Being a sales manager, you have to be empathetic to the life and frustrations of a salesperson. In my article on the “Proper Care and Feeding of a Salesperson,” I offer that 90% of a sales professional’s success is mental. Keep their head right, and sales will be at a higher performance level. Get them fixated mentally on how they have been wronged or mistreated and you have an anchor. The best ones can pull themselves out of a slump, but that’s the top 2% only. The rest fixate and are highly influenced by their mindset. They talk amongst themselves, and that only builds the frustration and lets the air out of their drive. Salespeople can be the biggest gossips on the planet. Don’t give them negative food to feed on. Provide them with high-performance mental food, then stand back and enjoy the benefits. Is that a contradiction to accountability? NO! Not if you are treating everyone with the same level of expectation.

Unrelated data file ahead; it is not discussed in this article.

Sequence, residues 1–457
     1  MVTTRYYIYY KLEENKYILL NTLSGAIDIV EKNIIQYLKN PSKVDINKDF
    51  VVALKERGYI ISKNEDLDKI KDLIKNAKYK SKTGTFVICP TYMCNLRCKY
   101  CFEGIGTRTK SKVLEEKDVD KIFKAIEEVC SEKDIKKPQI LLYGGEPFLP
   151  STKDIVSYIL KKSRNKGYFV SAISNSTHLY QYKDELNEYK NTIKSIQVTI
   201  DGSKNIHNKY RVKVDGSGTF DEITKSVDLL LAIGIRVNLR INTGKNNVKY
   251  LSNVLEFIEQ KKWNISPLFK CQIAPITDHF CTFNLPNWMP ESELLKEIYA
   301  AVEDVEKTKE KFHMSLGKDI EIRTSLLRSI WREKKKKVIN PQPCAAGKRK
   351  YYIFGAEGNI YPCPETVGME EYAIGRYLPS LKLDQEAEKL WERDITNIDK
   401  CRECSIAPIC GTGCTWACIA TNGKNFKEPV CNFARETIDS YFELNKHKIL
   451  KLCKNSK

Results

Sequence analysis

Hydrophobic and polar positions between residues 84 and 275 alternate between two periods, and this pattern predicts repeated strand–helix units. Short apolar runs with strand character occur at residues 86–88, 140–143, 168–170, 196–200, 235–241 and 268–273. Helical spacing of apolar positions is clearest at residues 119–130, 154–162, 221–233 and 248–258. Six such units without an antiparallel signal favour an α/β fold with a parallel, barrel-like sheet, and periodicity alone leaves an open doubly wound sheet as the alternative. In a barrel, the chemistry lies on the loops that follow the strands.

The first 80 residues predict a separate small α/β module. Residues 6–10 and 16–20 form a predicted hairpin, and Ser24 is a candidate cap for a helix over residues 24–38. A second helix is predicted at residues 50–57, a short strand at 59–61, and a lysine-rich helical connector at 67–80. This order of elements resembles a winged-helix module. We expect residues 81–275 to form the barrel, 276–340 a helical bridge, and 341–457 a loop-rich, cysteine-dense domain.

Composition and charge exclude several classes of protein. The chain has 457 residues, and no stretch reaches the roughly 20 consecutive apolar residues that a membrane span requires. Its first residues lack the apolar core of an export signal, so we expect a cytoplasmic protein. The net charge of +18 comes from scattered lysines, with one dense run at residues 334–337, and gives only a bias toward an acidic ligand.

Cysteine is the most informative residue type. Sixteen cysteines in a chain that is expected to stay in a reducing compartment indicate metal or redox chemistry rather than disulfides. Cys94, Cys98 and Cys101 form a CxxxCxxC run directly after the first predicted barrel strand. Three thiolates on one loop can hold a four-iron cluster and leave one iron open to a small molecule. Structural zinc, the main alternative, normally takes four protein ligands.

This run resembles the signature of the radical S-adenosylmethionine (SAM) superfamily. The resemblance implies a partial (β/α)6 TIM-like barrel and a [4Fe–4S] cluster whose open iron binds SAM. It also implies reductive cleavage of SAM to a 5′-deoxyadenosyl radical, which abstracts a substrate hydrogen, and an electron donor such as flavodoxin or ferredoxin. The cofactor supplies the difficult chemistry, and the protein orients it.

If you are truly value-added to the success of a salesperson, they will kill for you. They will go through walls and not doors. In 100% of the interviews I’ve conducted for salespeople when I ask, “Who is the best boss you ever had?” the response is around the manager who taught them the most. Are you a mentor, teacher, advocate, supporter, etc.? They have to believe sincerely that the sales manager is their biggest fan. People work for people, not companies. If they are unhappy, it’s the manager’s fault. If they quit, they quit the manager, not the company.